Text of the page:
'Fur Fighters' will keep players amused

Picture the cuddly teddy bear of your childhood. Now picture it packing.

That, in a nutshell, is the premise behind "Fur Fighters," from Bizarre Creations and Acclaim, for your very own Dreamcast.

Many years ago, a band of stuffed toys battled the evil General Viggo to a standstill, halted his plans for world domination and packed him off to play a little rock hockey at the local prison.

Evil geniuses being what they are, Viggo got loose, and six pairs of beady button eyes narrowed at the news.

But it gets worse.

Viggo and his idiot bear stooges raid the Fur Fighters' retirement community and swipe their children, threatening to pull out their stuffing if anybody tries to interfere with his plans.

Threats, however, don't scare our plucky band, and they set out -- armed to the teeth -- to get the kiddies back and once more put Viggo in the pokey.

Each of the fighters -- Roofus, Juliette, Bungalow, Rico, Chang and Tweek -- has a special ability which you'll need at specific points in the game.

However, the creature you're piloting at the time may not be the right one for the job.

"Fur Fighters" solves that problem by providing teleport devices. Suppose you're playing as Roofus, a tough but amiable hound, and you need to climb a wall. Find the right teleporter and Roofus is replaced by Juliette, a stubborn but dangerous cat, who can scale that obstacle with ease.

Rico, the penguin, is good when swimming is needed. Chang, the fox, can slip through narrow areas. Bungalow, a kangaroo, is, of course, the high jump expert. And Tweek, a dragon who is less than a day old, is a glider.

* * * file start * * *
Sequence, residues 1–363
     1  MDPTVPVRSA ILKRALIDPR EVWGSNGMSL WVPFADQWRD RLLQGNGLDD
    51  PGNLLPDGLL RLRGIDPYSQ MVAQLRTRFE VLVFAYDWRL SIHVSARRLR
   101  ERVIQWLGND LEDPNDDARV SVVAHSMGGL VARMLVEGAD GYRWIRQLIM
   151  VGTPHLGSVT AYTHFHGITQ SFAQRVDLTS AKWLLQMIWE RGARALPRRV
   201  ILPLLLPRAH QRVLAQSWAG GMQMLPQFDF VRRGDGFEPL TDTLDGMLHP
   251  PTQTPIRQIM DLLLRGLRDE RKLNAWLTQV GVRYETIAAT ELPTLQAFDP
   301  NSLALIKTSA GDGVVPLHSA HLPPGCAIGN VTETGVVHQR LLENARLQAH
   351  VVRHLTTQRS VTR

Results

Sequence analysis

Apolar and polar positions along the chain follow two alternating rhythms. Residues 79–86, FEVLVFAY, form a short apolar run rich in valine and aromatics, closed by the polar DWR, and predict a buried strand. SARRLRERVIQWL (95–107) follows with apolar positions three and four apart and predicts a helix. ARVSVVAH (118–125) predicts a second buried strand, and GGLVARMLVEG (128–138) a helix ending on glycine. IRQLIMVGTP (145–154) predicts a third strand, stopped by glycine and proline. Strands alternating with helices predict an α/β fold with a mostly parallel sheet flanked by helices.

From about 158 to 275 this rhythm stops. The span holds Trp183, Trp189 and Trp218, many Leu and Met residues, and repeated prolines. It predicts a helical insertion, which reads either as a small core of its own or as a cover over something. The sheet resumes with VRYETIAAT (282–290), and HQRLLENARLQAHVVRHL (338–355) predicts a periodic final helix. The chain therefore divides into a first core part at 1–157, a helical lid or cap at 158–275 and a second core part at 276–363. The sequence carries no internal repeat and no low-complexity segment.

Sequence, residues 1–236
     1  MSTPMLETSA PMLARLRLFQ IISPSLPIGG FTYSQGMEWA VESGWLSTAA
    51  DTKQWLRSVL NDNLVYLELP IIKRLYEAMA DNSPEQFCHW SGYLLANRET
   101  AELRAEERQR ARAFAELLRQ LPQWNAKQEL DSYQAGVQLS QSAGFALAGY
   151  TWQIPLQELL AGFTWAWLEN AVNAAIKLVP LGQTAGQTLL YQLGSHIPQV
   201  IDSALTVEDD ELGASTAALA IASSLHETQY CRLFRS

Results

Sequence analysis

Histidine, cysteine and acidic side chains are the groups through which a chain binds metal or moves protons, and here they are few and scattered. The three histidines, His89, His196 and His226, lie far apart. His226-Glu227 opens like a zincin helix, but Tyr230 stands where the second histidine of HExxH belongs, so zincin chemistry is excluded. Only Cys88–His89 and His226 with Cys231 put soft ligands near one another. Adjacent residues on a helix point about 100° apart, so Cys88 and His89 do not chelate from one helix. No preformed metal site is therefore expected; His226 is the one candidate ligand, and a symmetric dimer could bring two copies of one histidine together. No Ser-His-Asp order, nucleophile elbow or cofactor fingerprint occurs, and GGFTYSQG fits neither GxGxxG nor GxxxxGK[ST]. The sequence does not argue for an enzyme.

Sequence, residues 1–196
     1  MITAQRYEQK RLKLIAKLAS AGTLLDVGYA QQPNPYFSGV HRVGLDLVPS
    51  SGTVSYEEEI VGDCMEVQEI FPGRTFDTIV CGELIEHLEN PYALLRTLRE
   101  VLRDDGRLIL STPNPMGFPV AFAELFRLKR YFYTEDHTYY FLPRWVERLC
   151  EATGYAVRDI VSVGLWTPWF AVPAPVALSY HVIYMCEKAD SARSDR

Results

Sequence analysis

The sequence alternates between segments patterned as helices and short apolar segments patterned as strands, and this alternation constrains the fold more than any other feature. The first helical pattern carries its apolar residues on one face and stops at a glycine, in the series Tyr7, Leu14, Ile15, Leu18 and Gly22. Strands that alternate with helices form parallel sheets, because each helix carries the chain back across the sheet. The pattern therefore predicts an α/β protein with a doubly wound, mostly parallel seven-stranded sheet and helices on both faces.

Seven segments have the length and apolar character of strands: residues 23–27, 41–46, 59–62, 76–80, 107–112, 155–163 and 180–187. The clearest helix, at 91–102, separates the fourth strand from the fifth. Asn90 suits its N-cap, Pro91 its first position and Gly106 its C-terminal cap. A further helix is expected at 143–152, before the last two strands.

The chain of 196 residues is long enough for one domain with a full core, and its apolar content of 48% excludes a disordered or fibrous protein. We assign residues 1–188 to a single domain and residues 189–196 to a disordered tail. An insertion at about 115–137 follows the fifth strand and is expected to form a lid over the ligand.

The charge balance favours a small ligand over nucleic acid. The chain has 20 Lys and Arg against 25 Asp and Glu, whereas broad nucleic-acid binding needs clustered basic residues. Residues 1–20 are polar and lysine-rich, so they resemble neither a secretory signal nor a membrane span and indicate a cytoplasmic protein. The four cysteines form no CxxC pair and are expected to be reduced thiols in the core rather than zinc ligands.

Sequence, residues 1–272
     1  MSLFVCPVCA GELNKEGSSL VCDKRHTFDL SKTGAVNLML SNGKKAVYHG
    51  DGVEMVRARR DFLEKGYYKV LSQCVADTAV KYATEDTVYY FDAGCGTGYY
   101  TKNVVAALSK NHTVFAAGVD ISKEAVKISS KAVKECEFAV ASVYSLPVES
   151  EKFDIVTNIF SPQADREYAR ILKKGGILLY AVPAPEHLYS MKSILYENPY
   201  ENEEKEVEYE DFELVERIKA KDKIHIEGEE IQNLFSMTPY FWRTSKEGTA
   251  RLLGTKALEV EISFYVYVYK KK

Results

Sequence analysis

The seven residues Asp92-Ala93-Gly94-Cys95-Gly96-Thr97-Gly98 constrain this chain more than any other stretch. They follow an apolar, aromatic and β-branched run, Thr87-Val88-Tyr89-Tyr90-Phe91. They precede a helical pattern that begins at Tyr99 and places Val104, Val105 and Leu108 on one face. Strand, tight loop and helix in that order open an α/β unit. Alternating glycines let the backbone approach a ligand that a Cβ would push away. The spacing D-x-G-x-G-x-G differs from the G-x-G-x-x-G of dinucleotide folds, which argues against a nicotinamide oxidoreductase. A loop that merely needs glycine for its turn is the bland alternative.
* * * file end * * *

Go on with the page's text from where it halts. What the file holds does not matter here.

The object is to reclaim the youngsters. That is complicated by the fact that only that tot's own parent can complete the rescue. That means a lot of teleporting will be going on.

Rescuing the children is important because, beyond the humanitarian issues, you have to round them up in order to move on to the next level.

You start the quest with a pistol, but there are bigger and better weapons waiting. Bomb launchers, a shotgun, a freeze gun and my personal favorite, the neutron gun, make short work of Viggo's flunkies.

This is not a simple mindless shooter, however. Each level has puzzles that must be solved, combining platform and first-person shooter into a solid, amusing package.

If you like rounding up some buddies and getting into multiplayer games, try a Fluffmatch, which lets you beat the stuffings out of your friends and neighbors.

Problems? Well, sure. The levels are huge and you spend a lot of time just running around with nothing to do. And you spend even more time backtracking to find the right teleporter to solve a particular problem.

Graphics get an A; they are crisp, cartoonishly detailed and nicely colored. Sound is a B; good for the game, nothing special. Control also gets a B, downgraded for no way to get your character to run and for the targeting system which uses the touchy joystick.

"Fur Fighters" is a solid B; not perfect but far from ordinary. It's not really a kid's game, but it will keep older kids -- and adults -- busy and amused.

"Fur Fighters" is rated T, for ages 13 and over.

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